Fabrics for atopic dermatitis

J Fam Health Care. 2008;18(2):63-5.


The type of fabric worn by sufferers from atopic dermatitis should not exacerbate the condition but, if possible, help to control it. Synthetic fabrics and wool tend to produce itching and irritate the skin. Cotton is traditionally recommended but its structure contains short fibres which expand and contract, causing a rubbing movement that can irritate delicate skin. Dyes used in cotton garments can increase the potential of a sensitivity reaction. Cotton is also prone to bacterial and fungal attack. Silk garments are often closely woven which impedes the flow of air, and some people are allergic to the sericin protein in silk. Published studies suggest that a specially treated silk material (DermaSilk), which is loosely knitted, has had the sericin removed and has a microbial agent (AEM 5772/5) permanently bonded to it, is well tolerated and has beneficial effects on the skin of children and adults with atopic dermatitis. Atopic dermatitis often becomes infected, commonly with Staphylococcus aureus. Some studies have investigated the use of clothing materials impregnated with substances such as silver, which has antimicrobial properties. However, these are still unproven and there are concerns about bacterial resistance and the local and environmental effects of silver. The use of the antimicrobial AEM 5772/5, which does not transfer to the skin of the patient, is a new development in the control of atopic dermatitis. Further studies are needed to determine whether an antimicrobial shield bonded to clothing material will reduce the colonisation of atopic skin by S. aureus.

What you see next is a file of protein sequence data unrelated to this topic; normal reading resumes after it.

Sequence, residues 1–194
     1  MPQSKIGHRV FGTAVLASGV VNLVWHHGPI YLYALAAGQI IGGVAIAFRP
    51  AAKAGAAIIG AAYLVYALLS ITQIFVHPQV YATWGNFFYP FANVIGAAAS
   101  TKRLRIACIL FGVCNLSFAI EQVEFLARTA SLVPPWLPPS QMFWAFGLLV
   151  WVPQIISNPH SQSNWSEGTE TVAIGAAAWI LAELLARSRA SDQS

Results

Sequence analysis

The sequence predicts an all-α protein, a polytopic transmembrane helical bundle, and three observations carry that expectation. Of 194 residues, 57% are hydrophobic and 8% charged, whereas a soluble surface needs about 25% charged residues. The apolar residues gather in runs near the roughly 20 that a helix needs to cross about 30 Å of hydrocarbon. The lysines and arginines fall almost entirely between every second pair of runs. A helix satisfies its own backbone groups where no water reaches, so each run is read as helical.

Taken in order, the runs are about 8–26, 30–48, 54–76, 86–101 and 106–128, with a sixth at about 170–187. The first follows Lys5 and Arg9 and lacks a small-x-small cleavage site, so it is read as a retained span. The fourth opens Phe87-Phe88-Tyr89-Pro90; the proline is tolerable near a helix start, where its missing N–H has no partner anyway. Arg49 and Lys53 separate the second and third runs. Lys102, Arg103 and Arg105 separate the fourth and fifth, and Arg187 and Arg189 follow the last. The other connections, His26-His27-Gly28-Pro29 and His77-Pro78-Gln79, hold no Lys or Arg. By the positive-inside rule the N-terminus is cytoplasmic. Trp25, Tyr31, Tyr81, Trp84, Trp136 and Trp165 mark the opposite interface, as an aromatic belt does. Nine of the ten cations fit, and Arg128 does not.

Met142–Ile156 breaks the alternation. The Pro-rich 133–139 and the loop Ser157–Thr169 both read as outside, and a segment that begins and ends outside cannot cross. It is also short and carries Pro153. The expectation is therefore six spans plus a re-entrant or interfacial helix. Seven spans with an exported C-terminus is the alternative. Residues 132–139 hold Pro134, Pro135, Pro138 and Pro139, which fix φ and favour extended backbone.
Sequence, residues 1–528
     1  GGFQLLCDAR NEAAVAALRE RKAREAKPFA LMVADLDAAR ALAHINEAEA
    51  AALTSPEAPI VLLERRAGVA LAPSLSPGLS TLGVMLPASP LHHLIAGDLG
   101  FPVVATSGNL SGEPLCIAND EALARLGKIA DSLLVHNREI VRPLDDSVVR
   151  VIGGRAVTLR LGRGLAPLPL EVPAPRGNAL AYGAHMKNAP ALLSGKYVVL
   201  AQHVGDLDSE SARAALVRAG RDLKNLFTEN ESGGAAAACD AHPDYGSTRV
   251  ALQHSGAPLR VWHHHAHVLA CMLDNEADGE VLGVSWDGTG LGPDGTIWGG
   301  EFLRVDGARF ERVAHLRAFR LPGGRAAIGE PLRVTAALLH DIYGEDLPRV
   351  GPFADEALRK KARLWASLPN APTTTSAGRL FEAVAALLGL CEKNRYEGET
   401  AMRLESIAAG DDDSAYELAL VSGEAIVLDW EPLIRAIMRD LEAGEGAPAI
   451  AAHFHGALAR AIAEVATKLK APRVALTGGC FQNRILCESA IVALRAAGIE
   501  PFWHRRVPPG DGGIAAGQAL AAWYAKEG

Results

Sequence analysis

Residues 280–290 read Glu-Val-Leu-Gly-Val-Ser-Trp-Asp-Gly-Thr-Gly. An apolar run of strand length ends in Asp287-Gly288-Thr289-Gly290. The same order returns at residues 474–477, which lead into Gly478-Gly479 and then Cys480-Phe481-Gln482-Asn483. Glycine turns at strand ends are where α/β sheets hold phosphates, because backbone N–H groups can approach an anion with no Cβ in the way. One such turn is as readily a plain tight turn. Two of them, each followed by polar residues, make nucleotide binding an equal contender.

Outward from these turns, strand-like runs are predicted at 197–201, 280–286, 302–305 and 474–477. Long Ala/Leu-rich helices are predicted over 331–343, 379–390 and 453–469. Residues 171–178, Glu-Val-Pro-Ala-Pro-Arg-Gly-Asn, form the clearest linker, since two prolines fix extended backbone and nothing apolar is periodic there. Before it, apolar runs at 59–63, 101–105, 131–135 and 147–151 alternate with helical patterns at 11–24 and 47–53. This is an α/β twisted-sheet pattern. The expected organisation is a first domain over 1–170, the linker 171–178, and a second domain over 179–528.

Publication types

  • Review

MeSH terms

  • Clothing*
  • Cotton Fiber
  • Dermatitis, Atopic / etiology
  • Dermatitis, Atopic / prevention & control*
  • Humans
  • Silk
  • Staphylococcal Skin Infections / prevention & control
  • Textiles*


  • Silk